“It’s tough not really knowing if there will be a football season, why not get that early start? I talked to my coach about it, but it’s not something we can really do,” defensive end commit Mattheus Carroll said. “Playing football [this fall] would be ideal, but if we don’t I’m not going to miss a beat. I’ll be working with a trainer to get bigger, stronger and faster.”

Carroll attends Gilman High School in Baltimore, Maryland. Three-star quarterback Tahj Bullock, who attends St. Peters Prep in New Jersey, is in the same boat.

“A lot of things are up in the air right now, and if the season gets canceled I’d be really disappointed and hurt especially for those guys who really needed this season to get on some schools’ radars,” Bullock said.


State by state

The Hokies have 16 verbal commits for a 2021 signing class that’s expected to include the max number of signees allowed (25). They have five in-state verbal commits, two from New Jersey, two from Maryland, two from South Carolina, one from California, one from Tennessee, one from Georgia, one from Texas and one international recruit.

States are taking different approaches to high school sports with COVID-19 cases surging in some areas more than others, here’s an overview of the decisions those states have made so far...

CALIFORNIA — The governing body for California’s high school sports voted this week to move the start of fall and winter sports to January with football playoffs now rescheduled for April.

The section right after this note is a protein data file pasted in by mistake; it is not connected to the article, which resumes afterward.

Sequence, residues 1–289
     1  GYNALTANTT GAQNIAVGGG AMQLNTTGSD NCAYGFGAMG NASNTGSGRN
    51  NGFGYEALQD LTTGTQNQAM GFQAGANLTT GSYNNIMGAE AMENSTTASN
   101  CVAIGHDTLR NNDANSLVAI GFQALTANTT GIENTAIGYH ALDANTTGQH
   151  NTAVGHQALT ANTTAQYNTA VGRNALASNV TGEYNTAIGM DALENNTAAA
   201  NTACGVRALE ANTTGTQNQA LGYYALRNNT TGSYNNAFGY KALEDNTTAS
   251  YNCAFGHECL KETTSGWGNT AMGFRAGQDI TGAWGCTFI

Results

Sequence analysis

GEORGIA — Georgia has delayed the start of the season as well, but currently intends on having a full-season.

MARYLAND — Maryland schools are scheduled to open fall camp on August 14. The Maryland Public Secondary Schools Athletic Association (MPSSAA) has released detailed guidelines titled ”Roadmap for Return to Athletics” for schools to follow.

NEW JERSEY — New Jersey postponed the start of football season to Oct. 2 and shortened the season to six games (instead of the traditional 10) with playoffs, but the New Jersey Interscholastic Athletic Association (NJSIAA) is developing a number of contingency plans in case the health conditions in the state continues to worsen.

SOUTH CAROLINA — South Carolina has come up with a similar plan that will shorten the season to seven games with playoffs after a delayed start.

TENNESSEE — Tennessee has an emergency order in place through Aug. 29 that prohibits contact practice. The Tennessee Secondary School Athletic Association (TSSAA) is considering a number of proposals for the fall.

TEXAS — The state announced a plan earlier this week that will delay the start of the season for the two largest conferences with practices on hold until Sept. 7 and games rescheduled for late September while the other four conferences will be allowed to keep their current schedules with practiced starting on Aug. 3.

Mike Niziolek is the Virginia Tech football beat writer for The Roanoke Times. Follow him on Facebook and Twitter.